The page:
Federal Coordinating Lead Author:
David Reidmiller, U.S. Global Change Research Program
Lead Author:
Christopher W. Avery, U.S. Global Change Research Program
Contributing Authors:
Michael Kolian, U.S. Global Change Research Program
Kenneth E. Kunkel, North Carolina State University
David Herring, National Oceanic and Atmospheric Administration
Reid Sherman, U.S. Global Change Research Program/Straughan Environmental
William V. Sweet, U.S. Global Change Research Program
Kathryn Tipton, U.S. Global Change Research Program/ICF
Christopher Weaver, U.S. Environmental Protection Agency

Data Tools and Scenarios Products

In NCA3, authors used case studies to highlight specific examples of work being done by regions, cities, and stakeholders throughout the United States. These case studies formed some of the basis for the development of the U.S. Climate Resilience Toolkit (CRT).

The CRT is a free, open-source website (https://toolkit.climate.gov/) designed to help communities and businesses build resilience to climate-related impacts and extreme events. Its primary target audience is applied professionals—including city planners, resource managers, policy leaders, facility managers, analysts, and consultants—who oversee or help guide the development and implementation of climate adaptation plans. The site is easily understandable and is also accessible to the general public, a secondary target audience.

Published in November 2014, the CRT was developed as an interagency partnership under the auspices of the USGCRP. Hosted and managed by NOAA, it is a web-based framework that aggregates and contextualizes scientific information, tools, and expertise to help people

  1. make and implement climate adaptation plans;

  2. explore how climate conditions are changing in their location and understand how their valued assets are, or may be, impacted;

  3. learn what others are doing to address climate-related challenges similar to the ones they face; and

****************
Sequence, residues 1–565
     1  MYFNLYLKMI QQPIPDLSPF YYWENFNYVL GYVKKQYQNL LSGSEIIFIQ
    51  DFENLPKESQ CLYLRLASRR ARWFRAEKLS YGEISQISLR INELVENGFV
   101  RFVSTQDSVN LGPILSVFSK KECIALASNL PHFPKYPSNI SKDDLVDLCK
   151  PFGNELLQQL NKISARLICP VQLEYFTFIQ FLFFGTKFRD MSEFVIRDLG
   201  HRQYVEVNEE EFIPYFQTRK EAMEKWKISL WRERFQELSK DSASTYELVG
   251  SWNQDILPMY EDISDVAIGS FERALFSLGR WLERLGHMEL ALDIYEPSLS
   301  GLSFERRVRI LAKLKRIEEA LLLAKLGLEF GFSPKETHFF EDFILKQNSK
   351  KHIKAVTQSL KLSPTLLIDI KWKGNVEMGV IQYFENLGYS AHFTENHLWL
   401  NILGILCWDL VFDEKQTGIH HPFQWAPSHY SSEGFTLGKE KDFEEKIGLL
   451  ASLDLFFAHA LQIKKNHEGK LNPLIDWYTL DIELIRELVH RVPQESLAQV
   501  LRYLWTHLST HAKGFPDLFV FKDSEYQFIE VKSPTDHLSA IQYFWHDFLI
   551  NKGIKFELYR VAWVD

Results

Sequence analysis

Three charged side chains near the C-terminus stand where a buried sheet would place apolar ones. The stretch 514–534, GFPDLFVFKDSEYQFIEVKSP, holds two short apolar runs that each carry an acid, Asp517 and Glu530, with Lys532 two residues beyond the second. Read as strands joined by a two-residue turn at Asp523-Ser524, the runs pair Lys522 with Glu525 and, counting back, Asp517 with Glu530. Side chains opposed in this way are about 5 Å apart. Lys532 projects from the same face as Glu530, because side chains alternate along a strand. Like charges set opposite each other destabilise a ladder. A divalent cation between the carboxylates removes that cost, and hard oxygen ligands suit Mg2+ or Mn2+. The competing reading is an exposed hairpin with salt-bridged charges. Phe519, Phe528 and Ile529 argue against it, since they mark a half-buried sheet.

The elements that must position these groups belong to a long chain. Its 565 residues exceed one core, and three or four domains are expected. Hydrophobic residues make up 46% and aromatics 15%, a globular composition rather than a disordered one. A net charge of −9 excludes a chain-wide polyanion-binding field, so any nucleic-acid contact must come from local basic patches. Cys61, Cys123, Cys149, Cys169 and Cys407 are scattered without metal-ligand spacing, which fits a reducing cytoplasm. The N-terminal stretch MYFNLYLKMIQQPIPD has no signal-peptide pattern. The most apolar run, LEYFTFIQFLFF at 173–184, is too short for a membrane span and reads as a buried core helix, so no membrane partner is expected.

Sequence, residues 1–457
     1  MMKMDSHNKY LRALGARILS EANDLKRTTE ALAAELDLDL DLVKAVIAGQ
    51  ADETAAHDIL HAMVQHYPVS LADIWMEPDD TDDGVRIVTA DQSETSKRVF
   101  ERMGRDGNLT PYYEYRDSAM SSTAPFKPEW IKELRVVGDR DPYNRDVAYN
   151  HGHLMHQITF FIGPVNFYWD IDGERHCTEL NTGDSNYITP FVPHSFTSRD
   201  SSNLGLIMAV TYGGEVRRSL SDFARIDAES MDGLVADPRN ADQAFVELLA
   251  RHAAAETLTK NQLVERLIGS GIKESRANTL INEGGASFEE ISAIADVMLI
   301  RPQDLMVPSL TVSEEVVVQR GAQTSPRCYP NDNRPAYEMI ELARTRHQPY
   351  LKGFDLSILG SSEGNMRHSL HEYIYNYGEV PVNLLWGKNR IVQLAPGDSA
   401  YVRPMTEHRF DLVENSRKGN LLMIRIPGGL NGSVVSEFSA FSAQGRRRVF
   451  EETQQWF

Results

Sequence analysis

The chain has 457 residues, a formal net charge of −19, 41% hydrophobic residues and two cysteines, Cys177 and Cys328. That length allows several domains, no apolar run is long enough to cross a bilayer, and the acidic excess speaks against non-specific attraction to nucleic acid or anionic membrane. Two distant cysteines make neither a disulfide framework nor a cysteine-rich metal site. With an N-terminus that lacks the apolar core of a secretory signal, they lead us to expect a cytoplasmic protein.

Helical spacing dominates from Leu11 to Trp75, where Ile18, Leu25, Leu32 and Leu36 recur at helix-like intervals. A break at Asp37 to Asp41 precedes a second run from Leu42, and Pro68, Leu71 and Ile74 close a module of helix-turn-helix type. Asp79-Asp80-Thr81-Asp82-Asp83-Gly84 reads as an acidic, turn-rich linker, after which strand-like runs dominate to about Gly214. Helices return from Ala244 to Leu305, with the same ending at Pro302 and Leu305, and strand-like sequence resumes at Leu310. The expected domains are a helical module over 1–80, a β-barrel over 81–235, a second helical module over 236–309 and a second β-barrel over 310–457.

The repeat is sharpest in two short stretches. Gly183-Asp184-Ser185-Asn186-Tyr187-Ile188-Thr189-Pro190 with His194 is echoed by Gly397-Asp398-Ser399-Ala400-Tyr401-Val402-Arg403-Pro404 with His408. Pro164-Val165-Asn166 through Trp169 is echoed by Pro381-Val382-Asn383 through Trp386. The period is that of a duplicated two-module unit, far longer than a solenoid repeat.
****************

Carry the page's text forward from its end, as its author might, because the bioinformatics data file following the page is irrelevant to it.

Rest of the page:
4. learn about funding sources that can help in disaster recovery and/or to mitigate future risks.

Case studies (https://toolkit.climate.gov/#case-studies) have also been incorporated as a feature of NCA4, and some of those studies will be incorporated into the CRT in the future.

Steps to Resilience

The CRT’s “Steps to Resilience” is the site’s centerpiece (https://toolkit.climate.gov/#steps). It is a five-step, iterative risk-management framework that integrates a range of different content types into topical, geographical, and purposeful frames of reference.

This framework guides users through a deliberative process whereby they can access, explore, discuss, co-produce, and integrate information to build shared mental models as they address several fundamental questions:

  1. Do climate-related hazards threaten assets we value?

  2. If so, what is the risk, and are we willing to tolerate that level of risk?

  3. If the risk is intolerable, what options exist to reduce or eliminate the risk?

  4. Which options are viable and affordable, and in what priority order might we pursue them?

  5. How will we plan and implement particular actions?

To help users answer these questions, the Toolkit offers plain language narratives—excerpted from the NCAs and other authoritative sources—that summarize ways that U.S. sectors, regions, and built and natural environments are vulnerable to, and have been impacted by, climate and non-climate stressors. These narratives are cross-linked with over 110 real-world case studies, from across the United States and its territories, highlighting people in communities and businesses who have successfully taken action to manage their climate risks. Additionally, the site’s narratives and case studies are cross-linked with science-based decision-support tools to illustrate how people have used those tools to plan and build resilience.